Downton Abbey Recap: Mother Knows Best

Downton Abbey Season 4 RecapIn this week’s Downton Abbey, Cora gets so carried away with her matchmaking that Mary scolds, “Don’t be transparent, Mama. It doesn’t suit you.” But the fact is, Mama is absolutely right: The widow and Anthony make a perfect couple. So much so that, by the hour’s end, they’ve given us what (if you ask me, and I wish you would) should go down in history as one of the show’s most romantic moments. Read on, and I’ll tell you all about it!

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FROM BAD TO WORSE | Unaware that Green has raped Anna, Carson shrugs off the tension that the servants sense in the kitchen the morning after the house party. “I always think there’s something rather foreign,” he grumbles, “about high spirits at breakfast.” Bates, on the other hand, is determined to find out what’s upset his wife. “It must be my fault,” he tells Robert, “because she is incapable of fault.” (A line like that uttered by almost any other character would sound sarcastic. But, of course, coming from Bates, it’s breathtaking in its sincerity.) Unfortunately, Anna is so determined to keep her spouse from killing Green and being put to death himself that she asks Mrs. Hughes if she can move back in with the other servants. “Better [he suffer] a broken heart,” she reasons, “than a broken neck.”

THE PARENT TRAP | Upstairs, Edna has no sooner slunk out of Tom’s bed than she’s begun pressuring him to marry her — you know, if there’s a baby. Though he’s full of apologies for his drunken mistake, she only drives the hook in deeper. “If you were good enough for Lady Sybil Crawley,” she hisses, “I’m good enough for you.” Luckily, after he confides in Mrs. Hughes, the estate’s resident problem-solver is not only able to figure out that Edna isn’t with child, she’s able to send her packing without tattling to Cora. (The conniver doesn’t even get any satisfaction out of dissing Thomas on her way out the door — he reacts to her observation that he’s “sly and oily and smug” as if she’s just informed him that he’s “pretty and witty and gay.”)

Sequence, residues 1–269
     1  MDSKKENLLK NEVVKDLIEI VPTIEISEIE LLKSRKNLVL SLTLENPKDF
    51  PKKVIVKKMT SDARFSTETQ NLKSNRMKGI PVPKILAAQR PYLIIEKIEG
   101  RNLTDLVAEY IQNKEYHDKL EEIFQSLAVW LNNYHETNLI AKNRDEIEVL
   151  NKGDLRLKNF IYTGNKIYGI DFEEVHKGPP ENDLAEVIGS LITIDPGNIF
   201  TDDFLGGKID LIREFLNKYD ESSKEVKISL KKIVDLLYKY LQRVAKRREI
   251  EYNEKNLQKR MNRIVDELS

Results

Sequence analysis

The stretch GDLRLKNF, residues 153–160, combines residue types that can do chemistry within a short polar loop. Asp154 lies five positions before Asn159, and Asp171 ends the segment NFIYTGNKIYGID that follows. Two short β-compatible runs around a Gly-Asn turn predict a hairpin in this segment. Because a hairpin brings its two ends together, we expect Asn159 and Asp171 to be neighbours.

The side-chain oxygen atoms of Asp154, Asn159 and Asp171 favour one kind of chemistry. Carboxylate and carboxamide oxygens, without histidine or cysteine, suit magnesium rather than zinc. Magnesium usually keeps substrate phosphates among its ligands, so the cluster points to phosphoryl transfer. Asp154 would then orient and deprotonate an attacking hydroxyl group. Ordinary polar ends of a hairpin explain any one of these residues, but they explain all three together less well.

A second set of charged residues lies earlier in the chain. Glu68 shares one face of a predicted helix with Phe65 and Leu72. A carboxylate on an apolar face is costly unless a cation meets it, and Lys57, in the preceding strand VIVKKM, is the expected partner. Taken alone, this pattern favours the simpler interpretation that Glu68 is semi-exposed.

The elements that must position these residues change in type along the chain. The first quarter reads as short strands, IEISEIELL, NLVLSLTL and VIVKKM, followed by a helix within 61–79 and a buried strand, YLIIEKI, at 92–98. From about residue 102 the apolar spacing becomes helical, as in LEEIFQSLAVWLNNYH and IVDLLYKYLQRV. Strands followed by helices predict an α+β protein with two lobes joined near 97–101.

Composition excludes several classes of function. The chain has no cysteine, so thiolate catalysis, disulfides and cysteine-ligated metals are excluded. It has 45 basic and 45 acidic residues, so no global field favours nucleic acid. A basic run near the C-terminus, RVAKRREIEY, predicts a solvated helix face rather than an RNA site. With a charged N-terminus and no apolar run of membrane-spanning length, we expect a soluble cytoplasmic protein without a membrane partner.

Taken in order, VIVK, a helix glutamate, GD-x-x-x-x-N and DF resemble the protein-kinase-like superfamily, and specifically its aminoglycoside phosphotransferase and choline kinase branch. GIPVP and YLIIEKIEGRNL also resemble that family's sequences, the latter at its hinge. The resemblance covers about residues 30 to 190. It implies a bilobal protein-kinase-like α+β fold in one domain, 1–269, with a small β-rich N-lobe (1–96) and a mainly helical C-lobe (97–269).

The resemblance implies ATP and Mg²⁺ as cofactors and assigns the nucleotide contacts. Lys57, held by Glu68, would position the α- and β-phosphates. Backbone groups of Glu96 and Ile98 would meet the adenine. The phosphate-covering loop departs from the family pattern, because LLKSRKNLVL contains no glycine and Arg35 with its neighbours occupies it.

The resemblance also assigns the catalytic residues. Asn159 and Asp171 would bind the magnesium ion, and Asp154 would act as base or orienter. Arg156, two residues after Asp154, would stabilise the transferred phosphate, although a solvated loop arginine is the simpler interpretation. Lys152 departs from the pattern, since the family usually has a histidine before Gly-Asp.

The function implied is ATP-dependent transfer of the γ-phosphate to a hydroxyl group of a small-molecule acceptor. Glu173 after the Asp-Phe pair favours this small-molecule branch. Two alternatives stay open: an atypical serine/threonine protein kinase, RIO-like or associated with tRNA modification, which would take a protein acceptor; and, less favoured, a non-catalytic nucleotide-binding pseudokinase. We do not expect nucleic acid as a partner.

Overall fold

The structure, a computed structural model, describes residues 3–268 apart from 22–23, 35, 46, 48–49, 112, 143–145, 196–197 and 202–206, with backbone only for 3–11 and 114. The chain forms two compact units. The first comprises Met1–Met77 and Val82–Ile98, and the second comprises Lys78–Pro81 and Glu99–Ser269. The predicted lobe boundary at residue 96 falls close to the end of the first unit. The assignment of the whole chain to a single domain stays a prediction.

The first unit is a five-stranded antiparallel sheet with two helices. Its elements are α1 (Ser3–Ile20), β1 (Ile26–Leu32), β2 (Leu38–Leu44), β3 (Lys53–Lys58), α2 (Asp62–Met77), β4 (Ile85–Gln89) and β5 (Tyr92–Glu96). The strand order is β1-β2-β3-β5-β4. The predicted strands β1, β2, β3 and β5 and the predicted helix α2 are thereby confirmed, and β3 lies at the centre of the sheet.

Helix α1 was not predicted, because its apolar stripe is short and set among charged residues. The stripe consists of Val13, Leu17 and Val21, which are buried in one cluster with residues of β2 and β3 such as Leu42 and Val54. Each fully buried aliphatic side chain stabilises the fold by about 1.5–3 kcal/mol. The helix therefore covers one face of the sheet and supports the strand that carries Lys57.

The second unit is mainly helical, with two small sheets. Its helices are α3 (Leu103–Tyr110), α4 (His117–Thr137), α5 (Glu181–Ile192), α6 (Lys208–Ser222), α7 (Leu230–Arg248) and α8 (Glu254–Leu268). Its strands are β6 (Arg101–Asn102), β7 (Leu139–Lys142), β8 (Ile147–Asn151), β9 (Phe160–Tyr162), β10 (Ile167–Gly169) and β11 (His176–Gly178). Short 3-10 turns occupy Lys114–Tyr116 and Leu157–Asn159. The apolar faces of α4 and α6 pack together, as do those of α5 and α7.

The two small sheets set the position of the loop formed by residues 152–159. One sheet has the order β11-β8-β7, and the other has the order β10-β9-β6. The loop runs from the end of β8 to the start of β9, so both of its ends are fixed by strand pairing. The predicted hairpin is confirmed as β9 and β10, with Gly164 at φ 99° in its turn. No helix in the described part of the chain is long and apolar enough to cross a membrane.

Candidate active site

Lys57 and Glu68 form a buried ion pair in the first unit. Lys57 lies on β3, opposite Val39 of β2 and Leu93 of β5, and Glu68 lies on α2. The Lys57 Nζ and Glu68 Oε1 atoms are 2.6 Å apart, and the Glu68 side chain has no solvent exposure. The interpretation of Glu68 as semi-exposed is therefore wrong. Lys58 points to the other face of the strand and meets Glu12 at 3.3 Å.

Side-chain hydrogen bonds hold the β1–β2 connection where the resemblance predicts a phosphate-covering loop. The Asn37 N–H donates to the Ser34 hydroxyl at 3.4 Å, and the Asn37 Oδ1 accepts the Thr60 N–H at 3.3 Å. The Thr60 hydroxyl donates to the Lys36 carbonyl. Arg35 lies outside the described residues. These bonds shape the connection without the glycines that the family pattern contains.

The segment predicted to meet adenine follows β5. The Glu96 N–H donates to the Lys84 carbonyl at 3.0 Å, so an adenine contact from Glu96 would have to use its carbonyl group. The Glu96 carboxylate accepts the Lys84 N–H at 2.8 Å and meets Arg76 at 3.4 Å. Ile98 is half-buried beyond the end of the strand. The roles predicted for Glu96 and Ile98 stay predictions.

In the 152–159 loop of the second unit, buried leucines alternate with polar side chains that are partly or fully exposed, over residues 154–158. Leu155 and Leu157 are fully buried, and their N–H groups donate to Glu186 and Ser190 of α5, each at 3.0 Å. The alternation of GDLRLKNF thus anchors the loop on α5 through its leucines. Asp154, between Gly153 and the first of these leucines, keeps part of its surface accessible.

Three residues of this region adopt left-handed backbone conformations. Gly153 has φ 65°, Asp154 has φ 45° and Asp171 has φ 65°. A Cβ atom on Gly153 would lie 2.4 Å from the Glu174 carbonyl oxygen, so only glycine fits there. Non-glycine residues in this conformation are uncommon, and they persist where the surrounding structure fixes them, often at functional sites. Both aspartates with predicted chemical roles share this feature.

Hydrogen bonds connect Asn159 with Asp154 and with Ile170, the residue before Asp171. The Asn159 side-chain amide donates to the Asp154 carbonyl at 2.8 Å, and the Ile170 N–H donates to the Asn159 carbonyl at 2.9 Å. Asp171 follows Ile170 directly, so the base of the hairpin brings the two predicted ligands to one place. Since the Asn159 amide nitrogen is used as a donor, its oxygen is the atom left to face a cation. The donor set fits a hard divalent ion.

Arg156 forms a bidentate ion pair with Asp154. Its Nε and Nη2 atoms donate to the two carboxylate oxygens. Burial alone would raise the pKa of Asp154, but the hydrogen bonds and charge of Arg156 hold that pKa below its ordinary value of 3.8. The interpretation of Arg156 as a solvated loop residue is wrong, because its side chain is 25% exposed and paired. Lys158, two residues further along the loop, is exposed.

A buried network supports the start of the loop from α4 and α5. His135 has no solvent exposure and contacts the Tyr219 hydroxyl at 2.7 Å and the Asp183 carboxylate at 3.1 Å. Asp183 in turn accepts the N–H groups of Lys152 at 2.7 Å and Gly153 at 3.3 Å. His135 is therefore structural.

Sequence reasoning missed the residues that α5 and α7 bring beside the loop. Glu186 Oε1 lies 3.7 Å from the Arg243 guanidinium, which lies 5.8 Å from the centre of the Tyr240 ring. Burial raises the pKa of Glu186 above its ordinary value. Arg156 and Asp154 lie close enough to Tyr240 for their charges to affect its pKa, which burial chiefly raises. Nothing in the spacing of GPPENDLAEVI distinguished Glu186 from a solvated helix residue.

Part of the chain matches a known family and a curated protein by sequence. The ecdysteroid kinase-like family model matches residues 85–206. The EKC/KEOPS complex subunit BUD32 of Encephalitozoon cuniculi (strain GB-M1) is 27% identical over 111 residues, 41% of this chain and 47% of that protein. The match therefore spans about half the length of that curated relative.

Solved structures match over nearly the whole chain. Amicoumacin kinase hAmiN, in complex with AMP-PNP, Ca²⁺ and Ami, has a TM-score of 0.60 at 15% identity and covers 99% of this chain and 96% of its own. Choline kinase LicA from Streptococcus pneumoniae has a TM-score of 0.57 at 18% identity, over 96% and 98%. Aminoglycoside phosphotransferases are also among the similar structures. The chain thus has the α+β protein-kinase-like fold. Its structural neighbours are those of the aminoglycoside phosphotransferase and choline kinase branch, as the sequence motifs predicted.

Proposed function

LONDON CALLING | While Mary, Edith, Tom and Rose are all staying at their favorite out-of-town hotel — Rosamund’s — Edith gets a tongue-lashing from her aunt for having a sleepover at Michael’s the night before he departs for Germany; Rose gets rescued from her soused date by not just (gasp!) a singer but (double gasp!) a black singer; and, thanks to Cora’s machinations, Mary winds up spending another enchanted evening with Anthony. “I hope I’m a surprise,” he says, radiating rather than oozing charm, “and not a shock.” And honestly, the chemistry between them is palpable. (Sorry, Matthew.) So it makes sense that, in spite of her commitment to her grief, in spite of his almost engagement to another woman, in spite of everything, when she heads back to Downton, he follows, explaining, “I’ve made a long journey to ask a short question: Will you marry me?” When she reluctantly turns him down, saying that she’s not ready to let go of her husband and won’t be “for some years,” he requests a goodbye kiss that’s so swoon-inducing, I wish I’d kept the smelling salts handy!

Okay, your turn. What did you think of the episode? Were you sorry that Mary turned down Anthony? I was with Violet that it was classy as hell of Isobel to be so welcoming to the chap who’s basically her son’s replacement. (Mind you, the Dowager Countess didn’t put it quite like “classy as hell.”) Were you surprised that Edna was brought back, only to be dispatched so quickly? Is anybody particularly — that is, at all — interested in the story of the kitchen staff and whether Daisy’s going to lose her non-boyfriend, Alfred, to chefdom? (If this is the option, I’d prefer more of Mopesley. Sorry, MOLESLEY.) Fingers crossed that poor Anna isn’t pregnant. We’ve She’s suffered enough. Hit the comments!